Uber ought to be on top of the world. The "ride-sharing" app has already raised more than $5 billion and is worth an estimated $50 billion. Just as important, it has reached the stage of ubiquity where people use its name as a verb: "Forget driving, we'll just Uber over to the event."
And yet, a dark cloud is shadowing Uber's future, along with that of many other companies riding the wave of the so-called "sharing economy." Many of those companies' business models are built around workers classified as contractors, not employees, but it seems increasingly clear that no matter how convenient for Uber and its ilk, that classification is unlikely to stand up to judicial scrutiny. At least not without major changes in the law and the way these sharing-economy companies do business.
From Miami to Sacramento
Late last month, I wrote about how a Florida fender-bender could threaten Uber's business model. Last week, things got even more serious when the California Labor Commissioner's Office decided that a driver for Uber was actually an employee of the company, not an independent contractor.
For now, the ruling applies only to California, but many observers predict it could have widespread repercussions. Uber is appealing, of course, and the company has won some battles against similar efforts in other states.
Whatever happens in these cases, this issue isn't going away. The government's employee/contractor rules are intentionally vague, so many traditional companies have long struggled with the distinction. But the sharing-economy business model falls into an in-between area so complex that it could easily be defined either way.
Uber has long taken a scorched-earth path to fighting these issues, but it seems to me that Uber's claim that drivers are contractors – at least in the classic, generally understood sense – simply doesn't hold up. Uber drivers do use their own equipment (their cars), which is often one element of being a contractor. But the law also says contractors are supposed to have wide leeway in performing their tasks, and Uber's strict rules about how those folks do their jobs are well-known publicly.
That makes Uber's claims that it is "nothing more than a neutral technology platform" patently ludicrous. According to Reuters, for example, California officials found Uber is "involved in every aspect of the operation."
From courtrooms to compromise?
At the same time, though, Uber drivers' flexibility in work hours, their ability to work for other ride services (although Uber does much to discourage this practice), and other factors don't jibe with the typical understanding of what an employee is either. And some drivers may value those factors, while others are demanding the increased security, benefits, and predictability that often comes with being an employee.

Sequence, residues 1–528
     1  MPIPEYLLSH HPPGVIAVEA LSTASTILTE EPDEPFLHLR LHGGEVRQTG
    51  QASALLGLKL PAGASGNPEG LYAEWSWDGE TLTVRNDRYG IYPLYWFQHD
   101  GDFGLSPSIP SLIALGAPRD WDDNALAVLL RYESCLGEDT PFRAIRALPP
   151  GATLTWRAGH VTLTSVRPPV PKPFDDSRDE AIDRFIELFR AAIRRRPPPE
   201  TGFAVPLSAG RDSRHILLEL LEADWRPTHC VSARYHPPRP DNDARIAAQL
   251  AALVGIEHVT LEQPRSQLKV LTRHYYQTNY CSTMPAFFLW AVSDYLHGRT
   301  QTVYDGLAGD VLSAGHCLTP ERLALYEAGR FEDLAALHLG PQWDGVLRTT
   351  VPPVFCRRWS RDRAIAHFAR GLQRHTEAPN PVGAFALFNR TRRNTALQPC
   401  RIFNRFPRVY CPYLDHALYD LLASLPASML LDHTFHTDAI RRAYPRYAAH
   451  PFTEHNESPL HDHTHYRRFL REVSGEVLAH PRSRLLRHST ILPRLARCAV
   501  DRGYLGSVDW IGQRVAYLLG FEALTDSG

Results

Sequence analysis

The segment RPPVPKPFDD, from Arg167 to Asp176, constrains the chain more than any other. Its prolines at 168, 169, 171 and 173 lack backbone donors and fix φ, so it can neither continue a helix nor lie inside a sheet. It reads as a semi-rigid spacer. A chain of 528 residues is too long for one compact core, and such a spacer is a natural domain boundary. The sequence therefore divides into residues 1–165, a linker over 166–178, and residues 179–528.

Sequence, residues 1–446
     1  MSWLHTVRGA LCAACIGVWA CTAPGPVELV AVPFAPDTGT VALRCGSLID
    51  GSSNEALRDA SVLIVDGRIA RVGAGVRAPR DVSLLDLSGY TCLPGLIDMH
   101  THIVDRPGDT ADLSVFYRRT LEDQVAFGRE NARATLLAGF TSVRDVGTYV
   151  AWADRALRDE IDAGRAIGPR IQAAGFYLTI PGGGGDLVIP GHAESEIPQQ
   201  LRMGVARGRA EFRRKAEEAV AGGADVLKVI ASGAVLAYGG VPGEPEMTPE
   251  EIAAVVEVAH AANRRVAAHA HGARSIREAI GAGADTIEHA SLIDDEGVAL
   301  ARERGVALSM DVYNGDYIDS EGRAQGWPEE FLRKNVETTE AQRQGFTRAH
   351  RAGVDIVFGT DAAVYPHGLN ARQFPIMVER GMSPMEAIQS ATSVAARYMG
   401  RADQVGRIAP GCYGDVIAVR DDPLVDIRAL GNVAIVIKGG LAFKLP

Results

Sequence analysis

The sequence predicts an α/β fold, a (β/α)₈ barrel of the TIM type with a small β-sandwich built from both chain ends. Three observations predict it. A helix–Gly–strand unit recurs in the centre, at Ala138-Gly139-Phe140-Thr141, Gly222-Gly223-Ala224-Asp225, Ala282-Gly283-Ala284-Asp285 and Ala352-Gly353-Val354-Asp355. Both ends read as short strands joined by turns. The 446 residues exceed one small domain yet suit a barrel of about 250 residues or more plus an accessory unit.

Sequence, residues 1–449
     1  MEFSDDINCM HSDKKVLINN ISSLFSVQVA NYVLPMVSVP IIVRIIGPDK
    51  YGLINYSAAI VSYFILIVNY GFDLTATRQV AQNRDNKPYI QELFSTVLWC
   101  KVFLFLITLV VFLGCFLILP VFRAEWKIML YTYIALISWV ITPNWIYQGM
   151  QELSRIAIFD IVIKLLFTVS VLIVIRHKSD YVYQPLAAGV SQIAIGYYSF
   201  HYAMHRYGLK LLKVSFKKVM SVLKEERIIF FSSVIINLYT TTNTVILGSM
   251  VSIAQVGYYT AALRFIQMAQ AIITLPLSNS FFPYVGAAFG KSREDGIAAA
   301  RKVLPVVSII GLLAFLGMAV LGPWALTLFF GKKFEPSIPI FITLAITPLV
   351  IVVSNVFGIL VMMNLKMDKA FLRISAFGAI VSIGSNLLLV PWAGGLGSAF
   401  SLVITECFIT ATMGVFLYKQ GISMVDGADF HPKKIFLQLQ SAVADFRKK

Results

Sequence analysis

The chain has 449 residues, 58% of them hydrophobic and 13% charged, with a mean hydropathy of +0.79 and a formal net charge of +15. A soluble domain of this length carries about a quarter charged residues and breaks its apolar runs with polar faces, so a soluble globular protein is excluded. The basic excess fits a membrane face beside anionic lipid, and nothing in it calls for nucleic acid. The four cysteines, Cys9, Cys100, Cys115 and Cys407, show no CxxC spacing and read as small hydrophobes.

On Friday, the LA Times posted a story by Tracey Lien, Tiffany Hsu, and Daina Beth Solomon suggesting that a compromise might be possible, and while this won't be easy, I'm increasingly coming to believe that's the only viable long-term solution.
Classifying drivers as traditional employees could lead to much higher costs for the sharing-economy companies, including Social Security, workers' comp, and unemployment insurance, not to mention healthcare benefits and so on. That could cost jobs and increase fares, which doesn't seem good for anyone. But it also seems clear that Uber and other sharing-economy companies are using every method they can to maneuver drivers and other workers out of the protections enjoyed by other workers. Given the huge disparity of power in these relationships, there's a very real concern about exploitation.
Neither traditional employee nor contractor status seems to fit this new situation. We need to create a compromise class of workers for these types of companies, with some of the rights and responsibilities of both contractors and employees. As the Times points out, however, any compromise won't be easy to pull off, requiring participation from the IRS, the Department of Labor, and other regulatory agencies across multiple states.
That won't happen fast, but until it does, Uber will face continuing fallout from these kinds of cases, and shouldn't be surprised if it doesn't like the outcome. Uber and other sharing-economy companies are creating genuine innovation opportunity, and that should be encouraged. But that doesn't mean they should get to pick and choose the regulations that suit their interests while rejecting those that don't. Uber and its ilk would do better to help move the process of compromise along instead of always insisting on the right to do whatever it wants.